It would come as no surprise to anyone that COVID-19 is highly contagious and spreads quickly through sneezing and coughing. It also spreads when you come into contact with contaminated objects, surfaces and hands. So, it is absolutely critical you introduce strict hygiene measures to keep your workplace safe. These include:
- Providing hand sanitiser throughout the workplace – on each desk and in common areas such as meeting rooms, the kitchen and even the elevator. Ensure there is always soap available in the bathrooms.
- Place signage around the office to remind employees that they must comply with all measures.
- Remind workers to always cough and sneeze in their elbows or a tissue, dispose of the tissue immediately and wash their hands.
- Reduce the number of physical objects, including documents, that your employees touch. Switch to digital files.
- Introduce regular and in-depth cleaning procedures throughout the office to ensure all surfaces, door handles and lift buttons are sanitised. Ask employees to sanitise their workstations and phones at the end of their shifts.
- Ensure there is always a good supply of paper towels, hand sanitiser and cleaning products.
Social distancing regulations
The government’s current advice is that there is 1.5 metres between two people and one person per four square metres.
You will need to ensure that your employees comply with the strict social distancing guidelines. Some ways to ensure your staff stick to the regulations is by:
- Eliminating contact with others such as handshakes and friendly embraces.
- Having workers avoid touching surfaces touched by others, especially if the surfaces have not previously been sanitised.
- Having no events with external speakers or medium to large gatherings until further notice in line with government advice.
- Having no physical group lunches, catering or other events.
As discussed earlier, implement arrangements to decrease the number of people in the workplace at any one time. Video calls can replace in-person meetings and you can introduce staggered times for teams to be in the office.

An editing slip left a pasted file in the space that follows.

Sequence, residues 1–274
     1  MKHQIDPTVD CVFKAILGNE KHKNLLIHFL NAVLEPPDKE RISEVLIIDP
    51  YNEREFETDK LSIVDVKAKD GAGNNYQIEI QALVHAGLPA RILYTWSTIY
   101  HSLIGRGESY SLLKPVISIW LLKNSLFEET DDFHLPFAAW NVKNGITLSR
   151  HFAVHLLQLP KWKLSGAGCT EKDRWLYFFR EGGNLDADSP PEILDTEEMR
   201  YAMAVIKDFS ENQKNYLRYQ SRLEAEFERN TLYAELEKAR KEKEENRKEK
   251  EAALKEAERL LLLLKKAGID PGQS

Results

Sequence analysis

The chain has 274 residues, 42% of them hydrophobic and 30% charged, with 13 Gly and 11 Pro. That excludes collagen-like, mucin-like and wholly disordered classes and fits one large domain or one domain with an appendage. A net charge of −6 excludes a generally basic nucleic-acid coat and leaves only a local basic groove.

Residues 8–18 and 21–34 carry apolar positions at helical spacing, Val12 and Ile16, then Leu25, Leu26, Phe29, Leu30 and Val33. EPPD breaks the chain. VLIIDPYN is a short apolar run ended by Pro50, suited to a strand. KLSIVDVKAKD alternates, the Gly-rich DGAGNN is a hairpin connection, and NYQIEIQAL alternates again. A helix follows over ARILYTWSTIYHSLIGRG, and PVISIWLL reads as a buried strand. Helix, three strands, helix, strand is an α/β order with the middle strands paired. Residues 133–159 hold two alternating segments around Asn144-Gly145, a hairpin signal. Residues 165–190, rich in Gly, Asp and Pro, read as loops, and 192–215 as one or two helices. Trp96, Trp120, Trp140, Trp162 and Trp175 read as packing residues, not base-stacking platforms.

Look at food and beverage safety measures
Gone are the days when we can place a hand in the cookie jar for a cookie to go with our cup of tea. Biscuits jars have been replaced by individually wrapped alternatives. It is important to review your food and beverage safety measures. The last thing you want is someone with an unknown case of COVID-19 coming into the office and spreading the virus because they sneezed over all the biscuits while choosing one.
To reduce the risk of cross contamination, ensure all snacks are individually packaged and have disposable cutlery, cups and plates available for staff. And when anyone handles food or beverage for another person, they should wear gloves.
Mental health and psychosocial support for workers
COVID-19 has brought with it a range of concerns. Employees might fear falling ill and even dying, being socially excluded or losing their livelihood. People are at a higher risk of developing anxiety and depression during the COVID-19 pandemic. Mental health and psychosocial support should be made available to all employees. Risk assessments can assist in identifying and reducing related occupational hazards for mental health.
The wrap up
Returning to work after a global pandemic is not like your average return after a holiday. Post-COVID-19, it involves strict processes to ensure all workers remain safe. By applying the safety measures we have covered in this article we can all work together to reduce the spread of COVID-19.